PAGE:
Beads in Space?

The currently unmanned Orion spacecraft, which will be used to take manned missions to Mars after 2020, was set to launch this morning. It had to cancel for today and will try again tomorrow morning due to issues with certain valves not closing.

There is a not-for-profit organization that plans to send people to Mars to start a new colony starting in 2024.

People going into space isn’t new to those living in 2014, but it’s incredibly new to humans as a species.

With people in space and people planning to set up colonies on other planets, there are some interesting implications for the future of archaeology and anthropology.

And since beads are something people rarely think about – often because they’re so ubiquitous or so small that they’re easy to forget – I wonder how many beads have been in space. How many people who’ve been on the International Space Station or elsewhere in space brought beads with them?

And do those objects with the beads on them gain more meaning for that person because they were in space? A pair of beaded earrings, for example – would they gain new significance for the owner after having been in space with them? And has anyone given someone something that was in space that happened to have beads on it?

And then there would be the question of why. Why take objects with beads to space? Why those specific objects and not others? Why bring them back? Why would they gain (or not gain) any significance after being in space?

Many of these questions might be answered by those who took the beads to space with, “I don’t know, I just picked some jewelry to bring,” or “I don’t know, I forgot that had beads on it.” Archaeologists (and anthropologists) often try to figure out the why to everything, the hidden meaning behind an action. But often in our day to day lives, we don’t necessarily do things for a single, conscious, meaningful reason; we do it because it was convenient or because we felt like it or because why not? Or we do it unconsciously. We take our favorite shirt which we like because of the material and the fit. That shirt may well have beads on it, but that’s not why we take the shirt. So we take the beads because they’re attached to the thing we really care about and piggy-backed along.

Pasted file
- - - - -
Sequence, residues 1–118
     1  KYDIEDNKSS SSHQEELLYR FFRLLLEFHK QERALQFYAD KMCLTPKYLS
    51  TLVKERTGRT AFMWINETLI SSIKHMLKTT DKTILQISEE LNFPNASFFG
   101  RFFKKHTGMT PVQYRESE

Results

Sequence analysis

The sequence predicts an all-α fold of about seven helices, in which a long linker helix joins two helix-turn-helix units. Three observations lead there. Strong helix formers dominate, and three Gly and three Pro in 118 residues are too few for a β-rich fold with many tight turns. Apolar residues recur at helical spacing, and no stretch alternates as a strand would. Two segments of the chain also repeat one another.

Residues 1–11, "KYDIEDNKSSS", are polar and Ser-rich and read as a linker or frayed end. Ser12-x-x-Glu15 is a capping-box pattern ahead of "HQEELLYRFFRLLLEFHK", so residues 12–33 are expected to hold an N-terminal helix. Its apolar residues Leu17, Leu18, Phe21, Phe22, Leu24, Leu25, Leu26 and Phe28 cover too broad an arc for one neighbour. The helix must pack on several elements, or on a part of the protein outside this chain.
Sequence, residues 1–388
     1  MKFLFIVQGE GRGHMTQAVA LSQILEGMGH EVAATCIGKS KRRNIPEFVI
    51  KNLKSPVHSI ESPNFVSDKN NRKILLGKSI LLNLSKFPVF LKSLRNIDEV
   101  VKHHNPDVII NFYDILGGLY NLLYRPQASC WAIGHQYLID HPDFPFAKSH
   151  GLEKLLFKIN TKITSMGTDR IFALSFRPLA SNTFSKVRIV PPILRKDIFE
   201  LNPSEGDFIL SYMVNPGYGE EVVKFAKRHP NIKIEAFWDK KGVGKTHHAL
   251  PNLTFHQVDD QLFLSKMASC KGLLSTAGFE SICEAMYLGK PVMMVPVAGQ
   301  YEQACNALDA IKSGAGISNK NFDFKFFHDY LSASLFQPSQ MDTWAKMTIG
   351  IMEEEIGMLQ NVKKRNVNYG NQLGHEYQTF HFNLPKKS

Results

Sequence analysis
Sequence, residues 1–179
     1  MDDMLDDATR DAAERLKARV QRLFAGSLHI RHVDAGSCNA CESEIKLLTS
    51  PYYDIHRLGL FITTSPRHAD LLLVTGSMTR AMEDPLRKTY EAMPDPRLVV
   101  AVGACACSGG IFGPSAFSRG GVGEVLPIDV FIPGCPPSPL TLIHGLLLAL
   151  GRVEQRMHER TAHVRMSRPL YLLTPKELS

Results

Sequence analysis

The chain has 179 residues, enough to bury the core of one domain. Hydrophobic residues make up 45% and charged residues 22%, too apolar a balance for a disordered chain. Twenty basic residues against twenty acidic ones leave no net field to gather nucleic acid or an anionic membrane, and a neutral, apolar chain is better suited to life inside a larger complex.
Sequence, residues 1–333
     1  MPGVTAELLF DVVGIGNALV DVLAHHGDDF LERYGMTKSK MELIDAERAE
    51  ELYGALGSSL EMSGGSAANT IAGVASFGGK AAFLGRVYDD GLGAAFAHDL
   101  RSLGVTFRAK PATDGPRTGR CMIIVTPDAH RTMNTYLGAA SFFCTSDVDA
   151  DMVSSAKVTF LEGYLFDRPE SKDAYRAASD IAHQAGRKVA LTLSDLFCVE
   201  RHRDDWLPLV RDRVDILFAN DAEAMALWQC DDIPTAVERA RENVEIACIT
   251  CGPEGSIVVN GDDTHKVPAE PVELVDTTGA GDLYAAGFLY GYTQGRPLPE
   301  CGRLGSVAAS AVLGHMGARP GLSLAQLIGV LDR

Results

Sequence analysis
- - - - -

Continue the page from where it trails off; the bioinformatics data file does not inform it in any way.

This doesn’t mean beads aren’t significant. They are highly significant in many places for a variety of reasons. But sometimes they might also be in a place because they happened to be attached to the thing that held meaning for those people, not because the beads themselves were meaningful. Which only emphasizes the point that beads, while often significant, are often only a part of the finished object and therefore only a part of its significance.

I wonder how many beads are in space, how many have been to space, and how many of them made it there without any conscious planning at all.

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About Heather Christie

Heather is an archaeologist, photographer, and writer whose research focuses on beads and bead trade, particularly in a maritime sense. She's currently working working on a PhD in Digital Design (focusing on heritage visualisation) at the Glasgow School of Art.
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